Experts call for Constitutional amendment to take back democracy from corporations
by Jeffrey D. Clements and Ben T. Clements
posted Nov 17, 2010
In the wake of the Supreme Court’s decision in Citizens United v. FEC, corporate money has poured into the 2010 elections in unprecedented amounts. Now, a bipartisan group of leading law professors, former state attorneys general, former prosecutors, and prominent attorneys from across the country has signed a letter calling on Congress to consider a Constitutional amendment to overrule Citizens United and return elections and government to the people. We joined that call because the notion of “corporate rights” expressed in Citizens United is antithetical to Constitutional principles of free speech, democracy, and self-government.
In that case, the Court ruled that the First Amendment prohibits restrictions on so-called “independent expenditures” by corporations to attempt to defeat or elect candidates. The Court equated corporations with people for purposes of free speech rights and struck down key provisions of the federal Bipartisan Campaign Reform Act.
The creation of absolute corporate “speech” rights to spend money on elections is contrary to Constitutional principles and to the American vision of self-government by free people. That vision cannot coexist with elections dominated by hundreds of millions of dollars of corporate electioneering money.
Caution about corporate interference in politics goes back to our earliest days as a nation. James Madison, for example, warned that corporations may be “necessary evils,” but they must have proper “limitations and guards.” That’s why the federal ban on corporate political contributions enacted by Theodore Roosevelt and Congress in 1907 was never, until Citizens United, viewed as a restriction on anyone’s free speech.
We know that amending the Constitution must be reserved for what Madison called “great and extraordinary occasions.”
Americans have many times used the amendment process to remove obstacles to people’s participation in self-government on equal terms. The 13th Amendment ended slavery; the 14th guaranteed liberty, due process, and equal protection to all; and the 15th guaranteed the right to vote could not be abridged on account of race. With the 17th Amendment, the people claimed the right to elect U.S. Senators. The 19th Amendment guaranteed the right of women to vote—directly overruling the Supreme Court. In fact, in the 20th Century alone, we amended the Constitution 12 times.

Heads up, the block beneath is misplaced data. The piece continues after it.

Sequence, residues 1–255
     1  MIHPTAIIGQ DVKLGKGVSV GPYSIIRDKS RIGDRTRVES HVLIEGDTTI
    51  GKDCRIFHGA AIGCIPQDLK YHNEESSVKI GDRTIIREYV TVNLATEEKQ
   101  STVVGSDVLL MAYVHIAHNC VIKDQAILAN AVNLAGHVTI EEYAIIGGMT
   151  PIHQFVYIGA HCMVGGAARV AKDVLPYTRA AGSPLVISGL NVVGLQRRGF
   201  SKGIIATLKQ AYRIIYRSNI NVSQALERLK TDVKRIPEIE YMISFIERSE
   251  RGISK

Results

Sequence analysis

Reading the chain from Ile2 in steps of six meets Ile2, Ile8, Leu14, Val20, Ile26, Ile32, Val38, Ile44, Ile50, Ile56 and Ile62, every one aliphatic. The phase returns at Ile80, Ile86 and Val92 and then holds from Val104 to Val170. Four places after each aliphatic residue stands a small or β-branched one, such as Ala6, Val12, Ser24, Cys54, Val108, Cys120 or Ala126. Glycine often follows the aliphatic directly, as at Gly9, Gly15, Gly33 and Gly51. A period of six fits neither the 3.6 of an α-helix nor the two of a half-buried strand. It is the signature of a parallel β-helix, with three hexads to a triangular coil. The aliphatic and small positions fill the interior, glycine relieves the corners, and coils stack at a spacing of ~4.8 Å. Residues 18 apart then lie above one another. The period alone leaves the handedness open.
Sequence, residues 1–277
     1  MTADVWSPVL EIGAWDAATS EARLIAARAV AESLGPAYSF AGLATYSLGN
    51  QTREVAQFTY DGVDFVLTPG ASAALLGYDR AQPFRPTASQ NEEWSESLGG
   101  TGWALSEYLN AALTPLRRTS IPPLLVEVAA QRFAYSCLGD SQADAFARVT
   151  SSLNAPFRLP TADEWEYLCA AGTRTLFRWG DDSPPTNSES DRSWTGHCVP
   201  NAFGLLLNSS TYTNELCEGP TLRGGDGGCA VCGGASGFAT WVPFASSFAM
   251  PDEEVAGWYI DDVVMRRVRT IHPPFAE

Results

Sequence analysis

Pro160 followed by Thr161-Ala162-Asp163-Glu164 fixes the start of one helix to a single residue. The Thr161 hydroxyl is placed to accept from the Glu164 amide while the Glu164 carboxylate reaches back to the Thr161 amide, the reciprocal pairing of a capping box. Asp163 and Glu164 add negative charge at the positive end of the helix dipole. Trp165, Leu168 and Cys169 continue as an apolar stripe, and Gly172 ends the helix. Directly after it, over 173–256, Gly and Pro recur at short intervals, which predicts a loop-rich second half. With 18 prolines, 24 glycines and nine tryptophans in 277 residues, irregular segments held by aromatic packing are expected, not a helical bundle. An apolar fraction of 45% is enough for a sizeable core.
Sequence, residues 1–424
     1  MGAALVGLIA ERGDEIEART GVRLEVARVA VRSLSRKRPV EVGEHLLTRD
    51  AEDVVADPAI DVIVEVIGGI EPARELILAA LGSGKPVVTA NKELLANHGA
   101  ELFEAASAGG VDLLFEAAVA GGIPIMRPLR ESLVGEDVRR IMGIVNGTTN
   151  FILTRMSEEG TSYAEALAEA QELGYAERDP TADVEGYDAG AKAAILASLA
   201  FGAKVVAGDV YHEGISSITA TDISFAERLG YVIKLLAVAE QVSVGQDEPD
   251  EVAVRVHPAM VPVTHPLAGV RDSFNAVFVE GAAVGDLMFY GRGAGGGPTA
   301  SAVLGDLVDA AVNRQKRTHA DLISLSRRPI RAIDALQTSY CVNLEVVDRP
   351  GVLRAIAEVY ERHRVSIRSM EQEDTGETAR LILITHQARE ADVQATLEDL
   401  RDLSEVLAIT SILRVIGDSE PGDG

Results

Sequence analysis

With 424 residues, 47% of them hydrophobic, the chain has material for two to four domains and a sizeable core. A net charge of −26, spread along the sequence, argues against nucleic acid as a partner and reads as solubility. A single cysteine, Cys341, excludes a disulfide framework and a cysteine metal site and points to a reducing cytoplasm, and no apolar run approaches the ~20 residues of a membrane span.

Constitutional amendments require a wide consensus across all party lines. Citizens United has created that consensus. Most Americans know that corporations are not people and that money is not speech.
Indeed, according to multiple polls, more than two-thirds of the American people, regardless of political party, reject the Citizens United decision and do not accept that we the people cannot decide for ourselves the appropriate level of regulation of the use of corporate money to determine our election results.
We did not lightly conclude that the long, hard work of a Constitutional amendment campaign must begin. But we cannot ignore the state of our nation and the increasing danger that our government may no longer be of, for, and by the people. We look forward to exploring with Congress, our states, and the American people the path back to a spirited and healthy democracy.
Jeffrey D. Clements and Ben T. Clements wrote this article for What Happy Families Know, the Winter 2011 issue of YES! Magazine.
Jeffrey, co-founder of Free Speech for People, previously served as assistant attorney general and chief of the Attorney General’s Public Protection Bureau. Ben is a Boston attorney who served as chief legal counsel to the governor and as an assistant U.S. attorney.
Free Speech For People is a national constitutional amendment campaign, launched on the day of the Citizens United decision, to restore and strengthen American democracy for people, not corporations. Free Speech For People led the circulation of this letter and the enlistment of its signatories.